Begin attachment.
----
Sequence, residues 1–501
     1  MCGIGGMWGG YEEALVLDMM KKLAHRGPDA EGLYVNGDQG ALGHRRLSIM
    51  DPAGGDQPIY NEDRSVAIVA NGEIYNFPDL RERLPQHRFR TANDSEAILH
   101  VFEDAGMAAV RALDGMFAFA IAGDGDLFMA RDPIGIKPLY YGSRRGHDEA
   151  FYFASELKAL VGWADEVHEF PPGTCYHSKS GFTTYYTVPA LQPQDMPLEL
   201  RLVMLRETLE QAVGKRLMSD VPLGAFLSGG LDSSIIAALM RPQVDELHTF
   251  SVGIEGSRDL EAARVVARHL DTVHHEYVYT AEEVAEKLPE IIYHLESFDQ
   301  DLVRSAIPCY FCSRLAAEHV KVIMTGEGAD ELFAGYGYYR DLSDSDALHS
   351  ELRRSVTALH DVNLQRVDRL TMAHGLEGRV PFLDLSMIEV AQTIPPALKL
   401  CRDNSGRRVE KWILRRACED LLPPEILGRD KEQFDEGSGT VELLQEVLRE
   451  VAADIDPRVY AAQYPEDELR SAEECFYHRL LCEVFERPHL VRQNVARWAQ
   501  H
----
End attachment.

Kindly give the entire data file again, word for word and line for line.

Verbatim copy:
Sequence, residues 1–501
     1  MCGIGGMWGG YEEALVLDMM KKLAHRGPDA EGLYVNGDQG ALGHRRLSIM
    51  DPAGGDQPIY NEDRSVAIVA NGEIYNFPDL RERLPQHRFR TANDSEAILH
   101  VFEDAGMAAV RALDGMFAFA IAGDGDLFMA RDPIGIKPLY YGSRRGHDEA
   151  FYFASELKAL VGWADEVHEF PPGTCYHSKS GFTTYYTVPA LQPQDMPLEL
   201  RLVMLRETLE QAVGKRLMSD VPLGAFLSGG LDSSIIAALM RPQVDELHTF
   251  SVGIEGSRDL EAARVVARHL DTVHHEYVYT AEEVAEKLPE IIYHLESFDQ
   301  DLVRSAIPCY FCSRLAAEHV KVIMTGEGAD ELFAGYGYYR DLSDSDALHS
   351  ELRRSVTALH DVNLQRVDRL TMAHGLEGRV PFLDLSMIEV AQTIPPALKL
   401  CRDNSGRRVE KWILRRACED LLPPEILGRD KEQFDEGSGT VELLQEVLRE
   451  VAADIDPRVY AAQYPEDELR SAEECFYHRL LCEVFERPHL VRQNVARWAQ
   501  H